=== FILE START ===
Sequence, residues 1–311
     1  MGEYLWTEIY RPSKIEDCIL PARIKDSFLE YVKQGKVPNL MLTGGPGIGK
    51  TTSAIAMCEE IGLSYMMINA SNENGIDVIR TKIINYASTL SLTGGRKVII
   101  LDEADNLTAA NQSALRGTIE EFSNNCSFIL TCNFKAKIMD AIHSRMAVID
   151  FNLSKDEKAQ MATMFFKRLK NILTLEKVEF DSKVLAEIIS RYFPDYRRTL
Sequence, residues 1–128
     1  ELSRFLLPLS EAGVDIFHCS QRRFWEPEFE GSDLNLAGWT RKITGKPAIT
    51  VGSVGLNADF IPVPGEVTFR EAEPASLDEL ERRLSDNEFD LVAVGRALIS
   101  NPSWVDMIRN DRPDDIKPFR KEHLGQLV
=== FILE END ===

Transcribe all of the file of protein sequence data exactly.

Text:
Sequence, residues 1–311
     1  MGEYLWTEIY RPSKIEDCIL PARIKDSFLE YVKQGKVPNL MLTGGPGIGK
    51  TTSAIAMCEE IGLSYMMINA SNENGIDVIR TKIINYASTL SLTGGRKVII
   101  LDEADNLTAA NQSALRGTIE EFSNNCSFIL TCNFKAKIMD AIHSRMAVID
   151  FNLSKDEKAQ MATMFFKRLK NILTLEKVEF DSKVLAEIIS RYFPDYRRTL
Sequence, residues 1–128
     1  ELSRFLLPLS EAGVDIFHCS QRRFWEPEFE GSDLNLAGWT RKITGKPAIT
    51  VGSVGLNADF IPVPGEVTFR EAEPASLDEL ERRLSDNEFD LVAVGRALIS
   101  NPSWVDMIRN DRPDDIKPFR KEHLGQLV